Theo Z. Holocaust testimony (HVT-4084) interviewed by Michel Rosenfeldt and Nina Toussaint
- Brussels, Belgium : Fondation Auschwitz, 1996
- Interview Date
- November 13 and December 11, 1996.
- 2 copies: Betacam SP dub; and 1/2 in. VHS with time coding.
- Cite As
- Theo Z. Holocaust Testimony (HVT-4084). Fortunoff Video Archive for Holocaust Testimonies, Yale University Library.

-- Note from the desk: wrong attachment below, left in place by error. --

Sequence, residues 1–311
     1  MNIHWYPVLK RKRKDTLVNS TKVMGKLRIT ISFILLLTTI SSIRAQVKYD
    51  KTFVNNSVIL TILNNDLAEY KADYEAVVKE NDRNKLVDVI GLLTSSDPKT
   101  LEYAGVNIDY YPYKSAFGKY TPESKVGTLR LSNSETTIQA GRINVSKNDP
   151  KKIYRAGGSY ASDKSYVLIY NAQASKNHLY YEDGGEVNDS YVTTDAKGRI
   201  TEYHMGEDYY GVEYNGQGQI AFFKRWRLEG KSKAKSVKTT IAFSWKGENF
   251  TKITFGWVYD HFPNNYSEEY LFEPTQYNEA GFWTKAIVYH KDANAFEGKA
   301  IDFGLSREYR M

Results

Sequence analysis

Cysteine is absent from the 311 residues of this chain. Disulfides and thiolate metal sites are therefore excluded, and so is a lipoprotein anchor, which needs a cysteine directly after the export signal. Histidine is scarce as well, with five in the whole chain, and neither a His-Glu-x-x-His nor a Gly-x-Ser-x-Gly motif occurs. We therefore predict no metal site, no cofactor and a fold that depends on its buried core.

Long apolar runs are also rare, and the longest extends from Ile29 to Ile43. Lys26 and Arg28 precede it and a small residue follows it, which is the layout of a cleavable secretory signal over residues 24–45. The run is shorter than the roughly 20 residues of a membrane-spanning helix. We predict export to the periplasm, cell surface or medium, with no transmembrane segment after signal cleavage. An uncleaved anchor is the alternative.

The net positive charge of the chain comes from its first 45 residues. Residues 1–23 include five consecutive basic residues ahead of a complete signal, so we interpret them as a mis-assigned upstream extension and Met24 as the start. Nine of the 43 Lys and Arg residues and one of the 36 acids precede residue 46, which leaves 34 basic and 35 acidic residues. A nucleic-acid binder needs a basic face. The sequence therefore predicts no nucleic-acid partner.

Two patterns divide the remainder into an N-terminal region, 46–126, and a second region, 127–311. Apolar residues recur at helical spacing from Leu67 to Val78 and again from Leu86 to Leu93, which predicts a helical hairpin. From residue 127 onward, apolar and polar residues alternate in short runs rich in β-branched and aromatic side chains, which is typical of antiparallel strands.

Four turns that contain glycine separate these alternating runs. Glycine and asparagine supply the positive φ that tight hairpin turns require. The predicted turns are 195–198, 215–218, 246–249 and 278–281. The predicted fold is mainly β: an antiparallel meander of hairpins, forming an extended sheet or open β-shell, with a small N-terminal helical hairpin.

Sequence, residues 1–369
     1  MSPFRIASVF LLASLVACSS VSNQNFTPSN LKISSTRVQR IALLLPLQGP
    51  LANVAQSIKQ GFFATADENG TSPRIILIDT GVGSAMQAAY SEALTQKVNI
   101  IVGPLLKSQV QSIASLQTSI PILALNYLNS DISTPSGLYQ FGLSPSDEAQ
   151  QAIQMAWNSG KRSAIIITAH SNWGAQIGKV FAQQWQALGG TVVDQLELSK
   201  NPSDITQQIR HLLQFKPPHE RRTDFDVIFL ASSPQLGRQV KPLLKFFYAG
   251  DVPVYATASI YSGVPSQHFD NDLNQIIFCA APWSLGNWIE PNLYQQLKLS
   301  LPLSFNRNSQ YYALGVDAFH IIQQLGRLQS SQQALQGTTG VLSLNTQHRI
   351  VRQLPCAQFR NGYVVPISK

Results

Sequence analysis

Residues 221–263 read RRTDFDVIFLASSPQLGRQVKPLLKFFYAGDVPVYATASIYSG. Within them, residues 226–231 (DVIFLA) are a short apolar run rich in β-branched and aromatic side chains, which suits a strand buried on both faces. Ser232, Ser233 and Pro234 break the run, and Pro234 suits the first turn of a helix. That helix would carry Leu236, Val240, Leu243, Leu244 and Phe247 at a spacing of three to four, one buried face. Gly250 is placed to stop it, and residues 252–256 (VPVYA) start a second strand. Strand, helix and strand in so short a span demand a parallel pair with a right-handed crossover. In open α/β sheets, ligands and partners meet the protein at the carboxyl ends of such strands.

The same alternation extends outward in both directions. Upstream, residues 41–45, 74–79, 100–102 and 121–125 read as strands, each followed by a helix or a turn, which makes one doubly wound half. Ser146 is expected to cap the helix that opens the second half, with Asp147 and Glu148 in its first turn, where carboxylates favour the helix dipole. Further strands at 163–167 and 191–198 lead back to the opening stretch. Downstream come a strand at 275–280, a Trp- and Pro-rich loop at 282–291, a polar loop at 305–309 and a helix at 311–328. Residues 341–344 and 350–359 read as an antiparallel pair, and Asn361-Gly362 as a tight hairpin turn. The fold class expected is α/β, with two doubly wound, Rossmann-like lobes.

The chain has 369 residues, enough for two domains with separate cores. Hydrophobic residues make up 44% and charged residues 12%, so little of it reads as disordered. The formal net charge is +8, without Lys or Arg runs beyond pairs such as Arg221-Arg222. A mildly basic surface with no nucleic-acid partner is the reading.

Videotape testimony of Theo Z., who was born in Kovelʹ, Poland (presently Ukraine) in 1923, the younger of two siblings. He recounts moving to Brussels in 1929; attending public school; cordial relations with non-Jews; learning tailoring from his father after completing high school; German invasion; fleeing to Revel; delivering to customers in Toulouse; briefly being drafted into the French army in Bressuire; returning to Brussels; anti-Jewish restrictions; briefly hiding; deportation to Malines in August 1942; transport the next day to Cosel, Ottmuth, then Kleinmangersdorf; slave labor constructing roads; keeping a journal; encountering French prisoners of war; transfer to Babitz in December; pervasive deaths; receiving extra food from kitchen workers; hospitalization; transfer to another camp; recovering with help from two French-Jewish prisoner doctors; transfer to Gross Sarne, then Ludwigsdorf in March 1943; slave labor in a munitions factory and unloading coal; a German civilian worker leaving him extra food; a weekly assignment burying the dead; transfer to Faulbrück, then Reichenback (Sportschule) and Langenbielau; finding cheese at a nearby farm and sharing it with others; transfer to Gross-Rosen in November 1944; confiscation of his journal; a public hanging; train transfer to Hersbruck; hospitalization; a death march to Dachau; identifying himself as a Belgian non-Jew, resulting in better conditions and receiving Red Cross packages; liberation by United States troops; repatriation to Brussels via Liège; reunion with his sister (she had been in hiding); recuperating in Andenne; starting a business with another survivor; and marriage in 1953. Mr. Z. discusses learning his parents had both been deported and did not survive; the camp hierarchies; the importance of the hope of seeing his father and help from others to his survival; continuing belief in God despite being assimilated; non-deportees not believing what he had experienced; sharing his experiences with his wife and children; continuing nightmares and hostility toward Germans and Poles.